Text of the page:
There are currently entire “news” articles posted on major media outlets debating the validity of using the phrase “OK, Boomer” to dismiss an individual, a group, or an entire conversation.
In these articles they’re worried that such phrases are ageist… or some other kind of -ist that’s perhaps more or less fashionable. There’s outcry in the comments that the same people who decry internet bullying have picked the same kind of bullying up to swing as their own cudgel. All around there is clutching of pearls and faux outrage.
Except here, of course. There’s no outrage here, either faux or real, because of the words people use. There’s no outrage here because I’m a gown adult who doesn’t derive my self worth or intrinsic value based on what the People of the Internet say. Although I often enough find the Boomers and the Snowflakes obnoxious enough, neither seem to rise to the level of something that’s worth paying all that much attention to – and certainly don’t pack the power to send me scurrying for the protection of a safe space.
Somewhere in the last couple of decades we’ve collectively lost the innate ability to muddle through the day without needing coddled. It’s a personal failing that we seem determined to celebrate. The catch is, the world doesn’t give two good shits about your feelings. It’ll steal your lunch money, make you cry, and then come by and kick you in the jewels at dinner time.
My immodest advice to both the Boomers and the Snowflakes who both seem stuck on the notion that simply existing makes them special? Toughen up, Susie. The sooner we all remember the world doesn’t owe us a goddamned thing the better off we’re all going to be.
1. Data mining. Every time I start thinking that data mining is becoming too invasive and privacy becoming too fragile, the interent reminds me that it’s still pretty far away from going Skynet and killing us all. You see, I know this because companies that specialize mining “big data” keep feeding me ads about how to find and finance the “perfect engagement ring.” I’ll admit to having a passing interest in gemstones, but I can’t claim a need or interest in actually buying them. I have neither the inclination or reason to do so… and I’ve never once searched the internet for one. The cloud might know our reading tastes and hold the secrets to our collective perversions in our search results, but in many ways it doesn’t feel like the interent knows me at all.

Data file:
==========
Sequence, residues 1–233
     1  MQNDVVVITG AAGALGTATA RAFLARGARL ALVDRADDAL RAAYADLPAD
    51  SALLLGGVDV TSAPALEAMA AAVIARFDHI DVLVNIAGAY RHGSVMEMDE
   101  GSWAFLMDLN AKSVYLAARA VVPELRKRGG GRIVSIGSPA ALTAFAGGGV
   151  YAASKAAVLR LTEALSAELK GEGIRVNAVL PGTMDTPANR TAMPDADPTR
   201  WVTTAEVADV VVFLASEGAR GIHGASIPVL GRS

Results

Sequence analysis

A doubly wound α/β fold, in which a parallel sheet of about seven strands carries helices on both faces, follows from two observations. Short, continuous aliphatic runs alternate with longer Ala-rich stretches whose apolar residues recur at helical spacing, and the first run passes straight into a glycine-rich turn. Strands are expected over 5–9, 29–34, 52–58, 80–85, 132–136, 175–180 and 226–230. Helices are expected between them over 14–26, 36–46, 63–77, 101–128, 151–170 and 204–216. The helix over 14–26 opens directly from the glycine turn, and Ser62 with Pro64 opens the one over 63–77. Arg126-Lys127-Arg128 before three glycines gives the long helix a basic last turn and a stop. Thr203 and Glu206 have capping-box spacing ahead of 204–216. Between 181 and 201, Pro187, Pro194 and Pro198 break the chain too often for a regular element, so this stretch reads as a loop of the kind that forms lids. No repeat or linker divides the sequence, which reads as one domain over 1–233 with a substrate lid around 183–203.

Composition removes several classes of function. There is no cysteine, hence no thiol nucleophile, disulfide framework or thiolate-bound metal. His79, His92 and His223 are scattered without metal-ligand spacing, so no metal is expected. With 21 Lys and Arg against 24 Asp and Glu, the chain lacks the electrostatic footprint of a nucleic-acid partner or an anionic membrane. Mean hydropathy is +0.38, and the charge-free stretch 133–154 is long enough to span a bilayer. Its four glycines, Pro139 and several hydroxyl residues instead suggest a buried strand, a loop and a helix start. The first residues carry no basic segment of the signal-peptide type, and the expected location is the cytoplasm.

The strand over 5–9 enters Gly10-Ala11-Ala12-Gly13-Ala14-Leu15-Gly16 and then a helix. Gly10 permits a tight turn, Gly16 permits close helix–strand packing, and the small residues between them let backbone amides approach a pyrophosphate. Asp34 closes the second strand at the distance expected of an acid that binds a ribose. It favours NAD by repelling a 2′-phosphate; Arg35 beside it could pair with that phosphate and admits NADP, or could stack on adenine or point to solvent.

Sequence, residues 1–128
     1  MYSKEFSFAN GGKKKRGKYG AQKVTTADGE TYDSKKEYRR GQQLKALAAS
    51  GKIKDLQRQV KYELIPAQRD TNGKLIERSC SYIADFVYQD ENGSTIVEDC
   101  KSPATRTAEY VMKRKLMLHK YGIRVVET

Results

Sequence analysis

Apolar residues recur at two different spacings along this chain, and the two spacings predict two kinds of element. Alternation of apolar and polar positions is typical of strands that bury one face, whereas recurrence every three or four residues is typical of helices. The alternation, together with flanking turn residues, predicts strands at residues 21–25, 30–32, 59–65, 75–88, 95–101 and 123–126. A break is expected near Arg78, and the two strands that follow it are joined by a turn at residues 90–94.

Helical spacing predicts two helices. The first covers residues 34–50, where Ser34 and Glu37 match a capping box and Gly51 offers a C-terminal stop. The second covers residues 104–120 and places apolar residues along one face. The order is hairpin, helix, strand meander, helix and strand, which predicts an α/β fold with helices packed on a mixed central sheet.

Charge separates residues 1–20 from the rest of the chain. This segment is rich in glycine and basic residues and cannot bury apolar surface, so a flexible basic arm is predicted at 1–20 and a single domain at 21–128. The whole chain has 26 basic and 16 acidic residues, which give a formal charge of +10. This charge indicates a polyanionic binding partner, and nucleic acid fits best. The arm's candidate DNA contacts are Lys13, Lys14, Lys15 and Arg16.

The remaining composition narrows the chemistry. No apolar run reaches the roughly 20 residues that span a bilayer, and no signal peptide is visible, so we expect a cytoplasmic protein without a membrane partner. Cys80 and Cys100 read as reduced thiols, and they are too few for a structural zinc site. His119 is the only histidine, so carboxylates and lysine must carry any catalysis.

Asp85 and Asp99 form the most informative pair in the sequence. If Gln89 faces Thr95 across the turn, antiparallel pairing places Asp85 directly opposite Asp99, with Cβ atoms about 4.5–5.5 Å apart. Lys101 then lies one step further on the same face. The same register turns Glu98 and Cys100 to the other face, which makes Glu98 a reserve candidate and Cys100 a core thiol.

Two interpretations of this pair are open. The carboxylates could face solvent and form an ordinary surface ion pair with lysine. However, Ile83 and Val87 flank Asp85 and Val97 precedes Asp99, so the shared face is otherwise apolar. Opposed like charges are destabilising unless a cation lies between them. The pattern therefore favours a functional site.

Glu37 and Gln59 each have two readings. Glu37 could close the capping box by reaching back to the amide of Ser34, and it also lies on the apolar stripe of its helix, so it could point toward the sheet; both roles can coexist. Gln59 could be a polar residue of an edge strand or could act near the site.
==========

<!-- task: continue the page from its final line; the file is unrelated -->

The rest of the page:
2. Domestic enemies. All newly hatched federal employees take an oath of office. The one I took isn’t too far different from the one taken by a typical Army officer or even the one sworn by members of Congress. Unless I missed an unprinted annex or codicil, though, my oath to support and defend the Constitution didn’t include an oath of poverty and it certainly wasn’t an oath of unpaid servitude. That there are near on 400,000 people who swore an oath to support and defend the Constitution against enemies foreign and domestic currently fulfilling their oath without pay is an embarrassment – made all the worse because each day they bring back more an more “unpaid help” in order to avoid inconveniencing anyone. Excuse me? It seems that if you’re going to have a shut down of something the whole point is to make it as inconvenient and painful as possible. And these twatwaffels are sure as blue hell “inconveniencing” the people they expect to pay out of their own pockets for the privilege of coming to work. I blame President Trump. I blame the leadership in both the House and the Senate. I blame every single member of Congress who uses this as an opportunity to grandstand. And I increasingly think I know who the “domestic” enemies are that our oath featured so prominently.
3. Blood. Blood as a rule doesn’t bother me. I can see people bleeding and not flinch. The rivers could run thick with the stuff and I’m not sure I’d notice… but let me be strapped into a chair at the local doctor’s office and have someone start sucking vials of my own precious life-sustaining fluid from my veins and I’m apt to go all cross-eyed and pasty. I just feel like medical science should do us a favor and step beyond the age of leeches here.